You can’t get further from death than the sheer joy and contagious exuberance of “Don Quixote.” Launching its “New Generation” season with the world premiere of a new version of Ludwig Minkus’ captivating ballet, former Bolshoi Ballet dancer Yuri Possokhov puts the title character center stage, at least as much as Marius Petipa’s ensemble-based choreography will permit. Shortened from three acts to two, the result remains a lavish, gorgeous and utterly euphoric reimagining of a ballet that was never really broken to begin with.
Given a score that values every dance opportunity over any plausibility of plot, the windmill-tilting Don Quixote and his clownish sidekick Sancho Panza will always remain ancillary to the comic courtship of Kitri by the foppish Gamache, chosen by her venal innkeeper father Lorenzo. Of course, Kitri’s true love and eventual spouse is the barber Basilio who, unwittingly aided by the dashing toreador Espada and the would-be knight errant (who thinks Kitri is one more damsel in distress), triumphs in the final act’s elaborate wedding spectacle. Strangely, this production never shows us what Don Quixote is really pursuing—the ghostly lure of Dulcinea, the lady for whom all his sacrifices make sense.
Anyway Cervantes’ famous tale is just an excuse for the classical and folk dances—boleros, processions, waltzes, gallops, Habaneras, gypsy dances, and stylized bullfights of this inexhaustibly happy score, here perfectly played by the always excellent Chicago Sinfonietta. The grateful Auditorium Theatre audience is caught up in a virtual swirl of perpetual motion, lovely tour de forces in all combinations from solo turns to pas de deux to sweeping whirlpools of movement for the entire corps de ballet.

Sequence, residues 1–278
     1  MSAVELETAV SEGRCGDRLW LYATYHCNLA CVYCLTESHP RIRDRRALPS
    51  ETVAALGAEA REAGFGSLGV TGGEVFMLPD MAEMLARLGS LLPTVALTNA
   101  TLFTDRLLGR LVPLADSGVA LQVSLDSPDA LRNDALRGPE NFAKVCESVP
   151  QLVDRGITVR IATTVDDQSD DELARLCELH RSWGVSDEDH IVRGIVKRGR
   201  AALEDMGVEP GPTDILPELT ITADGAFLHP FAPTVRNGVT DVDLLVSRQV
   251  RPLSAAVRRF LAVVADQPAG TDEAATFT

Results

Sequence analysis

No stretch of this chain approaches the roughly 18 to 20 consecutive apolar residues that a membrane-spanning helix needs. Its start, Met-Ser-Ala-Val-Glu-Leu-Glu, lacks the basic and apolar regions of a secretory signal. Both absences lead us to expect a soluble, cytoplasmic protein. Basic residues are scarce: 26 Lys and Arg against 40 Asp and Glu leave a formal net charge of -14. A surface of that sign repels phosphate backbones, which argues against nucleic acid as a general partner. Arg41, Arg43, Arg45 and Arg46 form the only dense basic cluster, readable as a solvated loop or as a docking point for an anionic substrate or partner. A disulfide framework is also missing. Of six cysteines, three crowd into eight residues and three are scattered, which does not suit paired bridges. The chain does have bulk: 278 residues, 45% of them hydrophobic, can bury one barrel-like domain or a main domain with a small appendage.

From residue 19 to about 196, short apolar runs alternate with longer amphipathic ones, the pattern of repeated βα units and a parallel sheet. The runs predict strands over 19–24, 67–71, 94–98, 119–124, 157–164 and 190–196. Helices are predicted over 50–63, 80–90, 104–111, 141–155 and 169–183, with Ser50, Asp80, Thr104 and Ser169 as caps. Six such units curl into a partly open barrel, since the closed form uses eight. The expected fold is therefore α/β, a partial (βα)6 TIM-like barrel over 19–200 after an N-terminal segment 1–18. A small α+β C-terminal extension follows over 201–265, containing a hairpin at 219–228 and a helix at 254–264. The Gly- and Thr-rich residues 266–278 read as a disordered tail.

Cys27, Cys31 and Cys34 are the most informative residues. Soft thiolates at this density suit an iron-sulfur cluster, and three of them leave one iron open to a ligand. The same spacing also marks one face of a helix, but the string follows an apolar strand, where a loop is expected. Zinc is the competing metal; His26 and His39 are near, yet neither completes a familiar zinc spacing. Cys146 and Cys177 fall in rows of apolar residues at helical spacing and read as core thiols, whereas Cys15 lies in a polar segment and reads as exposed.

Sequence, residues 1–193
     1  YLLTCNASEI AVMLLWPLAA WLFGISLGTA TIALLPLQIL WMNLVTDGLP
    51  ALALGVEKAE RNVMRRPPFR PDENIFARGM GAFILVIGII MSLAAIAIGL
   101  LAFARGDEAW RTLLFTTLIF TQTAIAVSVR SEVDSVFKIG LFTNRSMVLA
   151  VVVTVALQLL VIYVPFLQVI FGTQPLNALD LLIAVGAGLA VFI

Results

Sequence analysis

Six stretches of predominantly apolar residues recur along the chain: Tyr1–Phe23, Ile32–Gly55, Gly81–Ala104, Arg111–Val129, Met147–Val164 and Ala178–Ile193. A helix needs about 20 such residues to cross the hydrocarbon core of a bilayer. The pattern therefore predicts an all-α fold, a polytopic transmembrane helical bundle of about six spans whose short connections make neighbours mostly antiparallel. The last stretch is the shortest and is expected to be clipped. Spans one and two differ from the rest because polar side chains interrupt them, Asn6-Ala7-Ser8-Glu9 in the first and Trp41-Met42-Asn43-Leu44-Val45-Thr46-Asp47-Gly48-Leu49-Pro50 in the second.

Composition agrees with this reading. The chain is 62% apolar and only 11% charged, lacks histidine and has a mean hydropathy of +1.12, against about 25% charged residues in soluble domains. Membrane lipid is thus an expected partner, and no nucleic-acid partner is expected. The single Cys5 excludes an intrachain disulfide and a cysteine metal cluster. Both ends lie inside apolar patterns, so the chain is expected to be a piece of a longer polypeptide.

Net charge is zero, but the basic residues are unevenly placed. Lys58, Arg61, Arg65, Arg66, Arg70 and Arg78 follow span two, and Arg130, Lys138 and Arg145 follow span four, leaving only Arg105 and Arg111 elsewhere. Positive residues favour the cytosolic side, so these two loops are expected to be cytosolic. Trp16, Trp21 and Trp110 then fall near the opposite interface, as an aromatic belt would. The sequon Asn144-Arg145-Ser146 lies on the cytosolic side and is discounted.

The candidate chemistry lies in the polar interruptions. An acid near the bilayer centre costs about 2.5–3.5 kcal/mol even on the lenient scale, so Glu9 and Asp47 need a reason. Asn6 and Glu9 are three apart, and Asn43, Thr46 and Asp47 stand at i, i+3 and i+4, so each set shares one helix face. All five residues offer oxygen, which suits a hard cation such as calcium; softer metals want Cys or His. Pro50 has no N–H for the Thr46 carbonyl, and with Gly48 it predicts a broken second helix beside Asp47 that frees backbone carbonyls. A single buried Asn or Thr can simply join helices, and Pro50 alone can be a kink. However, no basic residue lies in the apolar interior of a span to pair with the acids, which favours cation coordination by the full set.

Dylan Gutierrez, resembling Gustave Dore’s famous etchings of the knight of the woeful countenance, anchors the action as a sober-sided Don Quixote, his gravity a balance to the follies that surround him. A red-haired Graham Maverick makes the most of Sancho Panza’s sudden promotion from peasant to squire.
But the heavy lifting, so to speak, is done by handsome Ogulcan Borova, a smoothly smiling Basilio who makes his turns, leaps and lifts seem like sleepdancing—except for the enthusiasm and energy that galvanizes every step. Substituting for the injured Yumelia Garcia, Amber Neumann delivered a Kitri whose grace was a bit too conditional to the moment, her pirouettes and entrechats convincingly but not thrillingly executed.
Richly detailed comic support came from Rory Hohenstein’s dandy Gamache and Willy Shives’ obsequious tavern owner, while as the glamorous couple of matador and street dancer, the very tall Fabrice Calmels and charmingly deft Valerie Robin could have escaped from “Carmen” and lost none of their Spanish fire. Christine Rocas as the Dryad Queen (in the dream sequence that follows Don Quixote’s loss of consciousness from an errant windmill) was elegance in action and, as Love herself, Anastacia Holden rose to that marvelous occasion. Not to be left out, Fernando Duarte and Fabio Lo Giudice were self-effacing as the insides of Rocinante, Don Quixote’s faithful steed. Lights down to curtain down, you can’t match “Don Quixote” for pure pleasure. You can only see it.
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